Social media? Bob needs a social mediaTOR

socialmediaOkay, I’m back, still without cataract surgery but I have the fonts cranked-up on this notebook and my one working eye is still, well, working so I am, too. My next column will be about last week’s Internet DNS failure but right now I want to write about all these folks who have been asking to connect with me on Facebook, LinkedIn, and other social media. I’ll bet you have the same problems that I do.

Once you have enough connections (I have 2785 Facebook “friends” and 2552 “connections” on LinkedIn) you become a target for people trying to build their networks. In the beginning my philosophy about these things was to […]

Losing sight of the news

moodyMaybe you noticed it has been a couple weeks since I’ve written anything here. Readers are starting to wonder so I thought I’d post an update. It’s a funny thing about writing, that — for me at least — it really helps to be able to see and that’s something I’m not so good at lately. Over the last few months I’ve lost usable vision in one eye and the other is headed the same way.

It’s nothing serious. No glaucoma or macular degeneration, just cataracts — a result, I’m told, of my lifelong habit of not wearing sunglasses when I should have. I never liked carrying two pairs of glasses […]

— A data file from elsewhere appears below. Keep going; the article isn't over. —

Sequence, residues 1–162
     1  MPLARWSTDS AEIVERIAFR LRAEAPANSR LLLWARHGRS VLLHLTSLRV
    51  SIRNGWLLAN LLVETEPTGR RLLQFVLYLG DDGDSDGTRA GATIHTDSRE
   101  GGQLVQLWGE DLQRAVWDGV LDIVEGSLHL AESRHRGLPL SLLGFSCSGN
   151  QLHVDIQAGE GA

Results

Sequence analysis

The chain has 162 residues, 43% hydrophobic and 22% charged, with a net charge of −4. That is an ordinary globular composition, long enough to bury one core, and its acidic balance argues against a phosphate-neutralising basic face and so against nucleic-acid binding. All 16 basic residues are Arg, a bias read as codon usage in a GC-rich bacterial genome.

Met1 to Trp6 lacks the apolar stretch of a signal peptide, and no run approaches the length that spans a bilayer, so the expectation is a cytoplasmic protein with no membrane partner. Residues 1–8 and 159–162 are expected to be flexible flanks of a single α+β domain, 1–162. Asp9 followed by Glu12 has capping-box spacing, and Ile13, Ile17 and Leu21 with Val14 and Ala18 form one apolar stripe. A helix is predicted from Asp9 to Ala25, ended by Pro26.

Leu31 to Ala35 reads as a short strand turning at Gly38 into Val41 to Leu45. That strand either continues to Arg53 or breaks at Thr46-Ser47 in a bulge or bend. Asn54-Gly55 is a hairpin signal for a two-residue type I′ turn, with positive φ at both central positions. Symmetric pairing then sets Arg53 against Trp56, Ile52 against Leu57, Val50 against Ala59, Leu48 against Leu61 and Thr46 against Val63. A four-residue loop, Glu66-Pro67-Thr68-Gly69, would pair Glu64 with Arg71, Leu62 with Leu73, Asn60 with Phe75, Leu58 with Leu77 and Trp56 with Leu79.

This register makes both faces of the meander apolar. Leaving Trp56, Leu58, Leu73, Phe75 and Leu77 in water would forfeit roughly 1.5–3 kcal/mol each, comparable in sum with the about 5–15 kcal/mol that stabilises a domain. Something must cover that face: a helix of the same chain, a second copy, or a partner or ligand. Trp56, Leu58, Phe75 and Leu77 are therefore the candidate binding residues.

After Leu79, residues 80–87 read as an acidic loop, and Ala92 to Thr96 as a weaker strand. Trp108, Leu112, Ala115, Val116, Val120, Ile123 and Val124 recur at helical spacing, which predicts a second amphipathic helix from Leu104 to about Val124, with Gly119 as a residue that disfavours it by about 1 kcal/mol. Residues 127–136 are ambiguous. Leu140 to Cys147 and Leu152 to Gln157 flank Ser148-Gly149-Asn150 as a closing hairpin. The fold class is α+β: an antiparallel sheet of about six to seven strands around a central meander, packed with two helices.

Fifteen years after 9-11 threats have evolved, too

Fifteen years after 9-11 it’s interesting to reflect on how much our lives have — and haven’t — changed as a result of that attack. One very obvious change for all of us since 9-11 is how much more connected we are to the world and to each other than we were back then. Politico has a great post quoting many of the people flying on Air Force One that day with President George W. Bush as his administration reacted to the unfolding events. Reading the story one thing that struck me was the lack of immediate information about the attacks available to the airborne White House. They had televisions with rabbit ear antennas and […]

What Carrie Underwood’s success teaches us about IBM’s Watson failure

underwood (1)I have a TV producer friend I worked with years ago who at some point landed as one of the many producers of American Idol when that singing show was a monster hit dominating U.S. television. She later told me an interesting story about Carrie Underwood, the country-western singer who won American Idol Season 4. That story can stand as a lesson applicable to far more than just TV talent shows. It’s especially useful for the purposes of this column for explaining IBM’s Watson technology and associated products. You see the producers of American Idol Season 4 knew before the season was half over that Underwood would win. And, by the same token, […]

John Ellenby dies at 75

ellenbyI wouldn’t normally be writing a column early on a Saturday morning but I just read that John Ellenby died and I think that’s really worth mentioning because Ellenby changed all our lives and especially mine.

If you don’t recognize his name, John Ellenby was a British computer engineer who came to Xerox PARC in the 1970s to manufacture the Xerox Alto, the first graphical workstation. He left Xerox in the late 1980s to found Grid Systems, makers of the Compass — the first full-service laptop computer. In the 1990s he founded Agilis, which made arguably the first handheld mobile phone that wasn’t the size of a brick. Finally he […]